Dyeing to nab crooks

AN "INVISIBLE" dye that promises to revolutionise the security industry was born out of the frustrations of front-line policing. Phil Cleary was a detective-constable when he was called to investigate a burglary at an electrical goods shop in Wolverhampton. It was a regular occurrence, although the premises had a security system worthy of Fort Knox.

"The retailer was on the verge of tears," Mr Cleary recalled of the event 12 years ago. "He'd done everything the insurance company had asked - alarm, grilles at the windows and £10,000- worth of closed-circuit television. But the burglars chipped out the mortar round the window shutters and covered their faces with football scarves. The alarm worked perfectly, but they were in and out within three minutes."

Here, he felt, was first-hand evidence that the £2.5bn Britain spent annually on electronic security was no guarantee of deterrence or capture. Worse was to come. Thanks to a tip-off, Detective-Constable Cleary traced one of the shop's missing camcorders to the home of a 15-year-old youth. He had him bang to rights. There was, though, just one problem. Without a serial number, the retailer would have been unable to convince a court that this particular camcorder was stolen from his shop. Exit a sneering 15-year-old (camcorder under arm) to a hero's welcome from his mates.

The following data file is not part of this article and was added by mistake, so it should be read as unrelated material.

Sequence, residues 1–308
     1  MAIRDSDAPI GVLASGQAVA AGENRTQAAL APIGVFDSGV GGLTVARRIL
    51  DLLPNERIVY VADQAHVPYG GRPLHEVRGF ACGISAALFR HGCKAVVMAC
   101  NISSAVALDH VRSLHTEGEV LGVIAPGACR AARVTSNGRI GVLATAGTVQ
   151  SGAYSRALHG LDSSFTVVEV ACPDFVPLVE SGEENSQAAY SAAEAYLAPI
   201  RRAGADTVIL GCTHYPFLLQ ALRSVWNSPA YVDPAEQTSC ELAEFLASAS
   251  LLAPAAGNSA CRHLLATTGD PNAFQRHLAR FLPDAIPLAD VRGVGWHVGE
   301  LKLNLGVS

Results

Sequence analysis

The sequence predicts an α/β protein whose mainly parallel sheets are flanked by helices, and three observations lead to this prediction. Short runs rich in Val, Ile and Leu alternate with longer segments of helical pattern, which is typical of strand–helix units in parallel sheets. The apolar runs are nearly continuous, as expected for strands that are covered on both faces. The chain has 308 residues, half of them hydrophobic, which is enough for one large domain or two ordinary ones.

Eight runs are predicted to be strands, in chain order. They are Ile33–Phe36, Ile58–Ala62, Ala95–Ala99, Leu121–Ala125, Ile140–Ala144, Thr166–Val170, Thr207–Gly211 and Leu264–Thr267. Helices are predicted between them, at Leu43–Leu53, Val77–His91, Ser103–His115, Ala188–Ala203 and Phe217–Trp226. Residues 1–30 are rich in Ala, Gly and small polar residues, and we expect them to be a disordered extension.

"What we wanted in cases like this," Mr Cleary said, "was some irrefutable evidence. The one thing the criminal does fear is forensic science because he knows the court will convict on it. But the forensic boys always come in after the offence has been committed. I wanted to produce something that would act as a deterrent."

He had long discussions with his brother Mike, an industrial chemist. What he wanted was a canister that could be activated by an electronic impulse to spray an intruder with a safe, water-based substance that would show up only under an ultraviolet lamp. To satisfy a court, it would have to have the capacity to be tailored individually to each building where it was installed.

The result was Index Solutions, which has impressed the Home Office enough for it to classify the Cleary product as an invention of national importance and buy the manufacturing licence.

Index is distributed by the Cleary brothers from their company, Probe FX, at Walsall in the West Midlands. More than 80 systems have been sold. Customers include BP, Asda and the Salford education authority.

Plans are afoot to set up a distribution network in mainland Europe, with backing from the investment company 3i. The entrepreneurial instincts of Mr Cleary are beginning to pay off.

He left the police in 1990 and started his own security company. First Watch now has a staff of 40 and a turnover of £500,000.

Trials of Index have taken place in Stoke-on-Trent, Bristol and Newcastle, where word quickly spread among criminals. One electrical store that was burgled 15 times in nine weeks during 1992 has remained untouched for three years. Probe FX has taken out extensive patents. Stealing a policeman's invention could be a serious offence.

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